By Jim Nowlan
Don’t forget the reception honoring Betty Hoy for her decades of unstinting service to Bradford, to be held this Sunday from 3 to 5 p.m. at the Senior Citizens Center on the main drag in that community.
Chuck Levesque was a student of mine in graduate school at the U. of I. in the 1980s. He went on to become a lawyer, a foreign service officer in Brazil and Albania, a housing agency official in Chicago, and now CEO of a Catholic social service agency based in Chicago, but with locations across the country, which works to get the homeless off the streets and into productive lives.
A city boy, Chuck has always had a hankering to live the small-town life, so a couple of years ago he looked in our area for a weekend home and settled on Henry, “Best little town by a dam site.”
He bought a modest home there and renovated it (Catholic non-profits don’t pay a lot, but Chuck has never cared about having money).
Recently, under Chuck’s inspiration and leadership, that town provided a three-week artist-in-residency program for two young artists, both from the U. of I.
I went to the reception in the studio building on the main street, created in vacant space, which capped off the students’ stay in Henry and gave everyone a chance to see the really fine art they had produced.
Several score townsfolk came to the reception to munch on cake and punch, socialize and get to know the delightful artists, Jocelyn, an undergraduate from Chicago, and Austin, a graduate student from somewhere in the suburbs. And of course talk about art, even though most of us there know little about it.
It was a nice evening.
Thinking this might be a great idea for Stark County sometime, I asked Chuck what it cost? He said they paid tiny stipends to the artists, even less for art supplies, and that the artists stayed, respectively, with families in the community.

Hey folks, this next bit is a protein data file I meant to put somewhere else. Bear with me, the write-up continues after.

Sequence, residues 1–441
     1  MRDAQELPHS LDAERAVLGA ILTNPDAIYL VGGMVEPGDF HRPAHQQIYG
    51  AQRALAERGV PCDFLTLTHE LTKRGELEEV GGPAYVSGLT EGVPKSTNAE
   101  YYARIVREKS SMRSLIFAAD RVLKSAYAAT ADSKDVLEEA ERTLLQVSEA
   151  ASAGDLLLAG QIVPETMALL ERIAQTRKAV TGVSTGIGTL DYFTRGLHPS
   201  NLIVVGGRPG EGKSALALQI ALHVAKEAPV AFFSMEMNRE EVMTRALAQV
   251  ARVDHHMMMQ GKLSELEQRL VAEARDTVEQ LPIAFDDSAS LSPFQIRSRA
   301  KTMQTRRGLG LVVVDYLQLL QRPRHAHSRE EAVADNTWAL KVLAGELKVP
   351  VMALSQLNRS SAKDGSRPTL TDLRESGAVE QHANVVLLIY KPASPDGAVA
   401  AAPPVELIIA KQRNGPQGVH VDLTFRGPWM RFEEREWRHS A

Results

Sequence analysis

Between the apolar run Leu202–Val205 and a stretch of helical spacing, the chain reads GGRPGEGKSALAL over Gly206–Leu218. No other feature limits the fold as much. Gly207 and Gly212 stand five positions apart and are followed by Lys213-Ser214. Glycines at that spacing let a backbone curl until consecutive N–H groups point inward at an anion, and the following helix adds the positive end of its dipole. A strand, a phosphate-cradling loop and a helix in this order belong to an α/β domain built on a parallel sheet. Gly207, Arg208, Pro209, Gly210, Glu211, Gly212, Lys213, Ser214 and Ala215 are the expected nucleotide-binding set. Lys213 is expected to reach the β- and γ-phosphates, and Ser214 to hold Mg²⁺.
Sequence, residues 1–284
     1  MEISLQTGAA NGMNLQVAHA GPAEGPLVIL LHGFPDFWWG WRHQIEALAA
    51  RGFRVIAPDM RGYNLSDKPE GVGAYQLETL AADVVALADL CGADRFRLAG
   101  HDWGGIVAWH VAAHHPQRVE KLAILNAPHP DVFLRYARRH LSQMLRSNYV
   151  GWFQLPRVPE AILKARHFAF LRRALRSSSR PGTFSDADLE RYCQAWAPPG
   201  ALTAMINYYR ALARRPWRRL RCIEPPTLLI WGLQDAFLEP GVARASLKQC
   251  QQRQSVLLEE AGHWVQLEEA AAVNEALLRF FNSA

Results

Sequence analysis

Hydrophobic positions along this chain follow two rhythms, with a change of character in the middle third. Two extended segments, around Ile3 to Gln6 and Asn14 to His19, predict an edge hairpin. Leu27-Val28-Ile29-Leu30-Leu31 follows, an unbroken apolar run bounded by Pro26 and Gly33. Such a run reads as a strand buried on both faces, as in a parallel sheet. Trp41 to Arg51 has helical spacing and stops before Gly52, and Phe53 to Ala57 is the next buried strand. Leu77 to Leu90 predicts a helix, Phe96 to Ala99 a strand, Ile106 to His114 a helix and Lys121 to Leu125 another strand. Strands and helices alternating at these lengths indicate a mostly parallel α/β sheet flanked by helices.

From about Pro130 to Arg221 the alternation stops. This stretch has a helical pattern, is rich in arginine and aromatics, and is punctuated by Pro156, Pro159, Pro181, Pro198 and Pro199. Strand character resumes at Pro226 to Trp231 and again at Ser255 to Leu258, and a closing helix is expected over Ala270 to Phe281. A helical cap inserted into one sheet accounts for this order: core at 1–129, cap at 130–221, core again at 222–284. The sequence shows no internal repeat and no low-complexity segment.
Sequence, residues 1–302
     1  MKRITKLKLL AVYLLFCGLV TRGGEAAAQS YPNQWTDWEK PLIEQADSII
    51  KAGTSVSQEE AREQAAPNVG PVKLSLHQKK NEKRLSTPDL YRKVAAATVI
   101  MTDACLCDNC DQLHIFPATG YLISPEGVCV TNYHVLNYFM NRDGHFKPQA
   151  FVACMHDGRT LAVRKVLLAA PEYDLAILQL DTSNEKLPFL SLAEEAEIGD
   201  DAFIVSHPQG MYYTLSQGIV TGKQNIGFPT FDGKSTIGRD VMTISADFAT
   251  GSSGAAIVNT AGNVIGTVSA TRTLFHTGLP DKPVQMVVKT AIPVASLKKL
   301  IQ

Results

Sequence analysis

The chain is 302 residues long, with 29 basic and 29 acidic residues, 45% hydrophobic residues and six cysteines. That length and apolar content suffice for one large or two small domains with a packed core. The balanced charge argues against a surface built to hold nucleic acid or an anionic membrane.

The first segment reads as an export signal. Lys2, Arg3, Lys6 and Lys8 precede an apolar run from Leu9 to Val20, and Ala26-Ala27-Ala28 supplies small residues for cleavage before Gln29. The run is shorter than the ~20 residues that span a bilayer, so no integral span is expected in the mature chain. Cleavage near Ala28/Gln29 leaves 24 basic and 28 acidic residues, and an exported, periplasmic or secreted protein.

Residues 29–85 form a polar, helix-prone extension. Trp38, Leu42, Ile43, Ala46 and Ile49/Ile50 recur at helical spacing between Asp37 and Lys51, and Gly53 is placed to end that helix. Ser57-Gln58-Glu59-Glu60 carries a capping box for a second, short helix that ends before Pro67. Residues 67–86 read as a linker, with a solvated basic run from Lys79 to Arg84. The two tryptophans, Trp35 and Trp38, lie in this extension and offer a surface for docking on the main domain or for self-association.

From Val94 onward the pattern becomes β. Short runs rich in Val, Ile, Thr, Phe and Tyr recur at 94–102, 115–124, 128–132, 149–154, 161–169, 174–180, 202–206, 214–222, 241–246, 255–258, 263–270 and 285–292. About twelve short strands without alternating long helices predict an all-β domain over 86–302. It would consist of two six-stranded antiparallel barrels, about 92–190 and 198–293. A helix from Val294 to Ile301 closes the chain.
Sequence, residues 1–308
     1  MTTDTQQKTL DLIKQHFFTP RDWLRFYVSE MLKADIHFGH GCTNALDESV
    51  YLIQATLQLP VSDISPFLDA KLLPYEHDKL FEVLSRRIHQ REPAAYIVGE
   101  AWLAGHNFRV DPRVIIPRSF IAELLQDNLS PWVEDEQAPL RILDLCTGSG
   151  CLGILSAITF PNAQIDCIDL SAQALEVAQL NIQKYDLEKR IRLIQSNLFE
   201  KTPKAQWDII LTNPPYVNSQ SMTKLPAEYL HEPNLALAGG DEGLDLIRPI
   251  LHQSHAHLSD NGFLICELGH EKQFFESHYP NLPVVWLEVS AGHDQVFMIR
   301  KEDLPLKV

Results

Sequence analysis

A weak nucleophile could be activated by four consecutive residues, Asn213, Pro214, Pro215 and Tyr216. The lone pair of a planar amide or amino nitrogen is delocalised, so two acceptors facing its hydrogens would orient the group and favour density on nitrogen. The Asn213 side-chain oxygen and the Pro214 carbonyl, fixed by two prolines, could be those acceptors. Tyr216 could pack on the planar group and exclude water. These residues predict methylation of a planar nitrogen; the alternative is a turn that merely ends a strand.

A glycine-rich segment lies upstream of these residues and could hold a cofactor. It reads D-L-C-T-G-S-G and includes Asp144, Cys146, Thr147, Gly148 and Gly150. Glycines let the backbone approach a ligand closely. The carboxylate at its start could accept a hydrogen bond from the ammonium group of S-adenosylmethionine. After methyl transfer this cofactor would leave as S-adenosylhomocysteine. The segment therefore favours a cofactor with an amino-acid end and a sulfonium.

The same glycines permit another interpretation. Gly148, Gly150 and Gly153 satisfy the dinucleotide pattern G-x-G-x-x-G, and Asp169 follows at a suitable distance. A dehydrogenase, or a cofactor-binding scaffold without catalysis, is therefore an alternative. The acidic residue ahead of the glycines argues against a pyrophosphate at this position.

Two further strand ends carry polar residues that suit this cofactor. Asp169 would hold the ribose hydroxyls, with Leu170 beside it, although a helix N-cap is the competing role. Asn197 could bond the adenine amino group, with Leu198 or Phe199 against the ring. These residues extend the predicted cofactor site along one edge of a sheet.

Chuck said the total cost was about $1,000, but I don’t see how they did it for so little.
Chuck said that in advance of the residency, he sent out notices to many of the colleges and universities in Illinois to notify them of how to apply.
A committee in Henry then selected the two artists who came to town.
Anyway, this might be something we could do in Stark County.
The artists could use the old high-ceilinged Odd Fellows Hall in the building where I live in Toulon, which would make a terrific artist’s studio, and they could live with local folks.
We could cap off their stay with a reception downstairs in the Newsroom Bistro, but we would have wine, with Fulvio Zerla serving up some of his nice vintages.
Anyway, an idea to think about. It came off nicely in Henry, thanks to my friend Chuck.
By the way, he has invited me to join him later this summer for a musical at the theater festival in Princeton. If you haven’t driven up for that, it’s also great fun. Talented young thespians and singers, just out of college, many yearning to become professionals, put on a medley of lively shows and comedies during the summer.
It’s called Festival56. The phone is (815) 879-5656. Check it out.
Elmwood native Karl Taylor, of Washington, IL is another old friend doing fascinating things.
A retired English professor and college fundraiser, Karl has always been captivated by the late Nelson Dean Jay, another Elmwood native who preceded Karl and me by about two generations.
Nelson Dean Jay is a small-town boy who made it to the summit of life. After working his way through Knox College, Dean (I think he was called Dean, but will have to check with Karl) went into banking.
He ended up on Pershing’s staff in WWI, became the head of the House of Morgan (huge international banking outfit) in Paris, dined with the likes of Charles Lindbergh and most of the royalty of Europe.
The New York Times reported that few businessmen in Europe made a major decision without first consulting Nelson Dean Jay.
Dean Jay participated in the Bilderberg Conference after WWII, where a very select group of world leaders charted the future of post-War Europe. The list goes on.
Anyway, Karl has for years worked on a biography of Dean Jay, and has interviewed Jay descendants on their fancy estates on Long Island and elsewhere. The project has now morphed into the strong possibility of a multi-art series on PBS.
I think the key to this story is Karl’s indefatigable persistence in pursuing his quest for something important about this key player in world politics, who just happened to come from Elmwood, Illinois.
By Jim Nowlan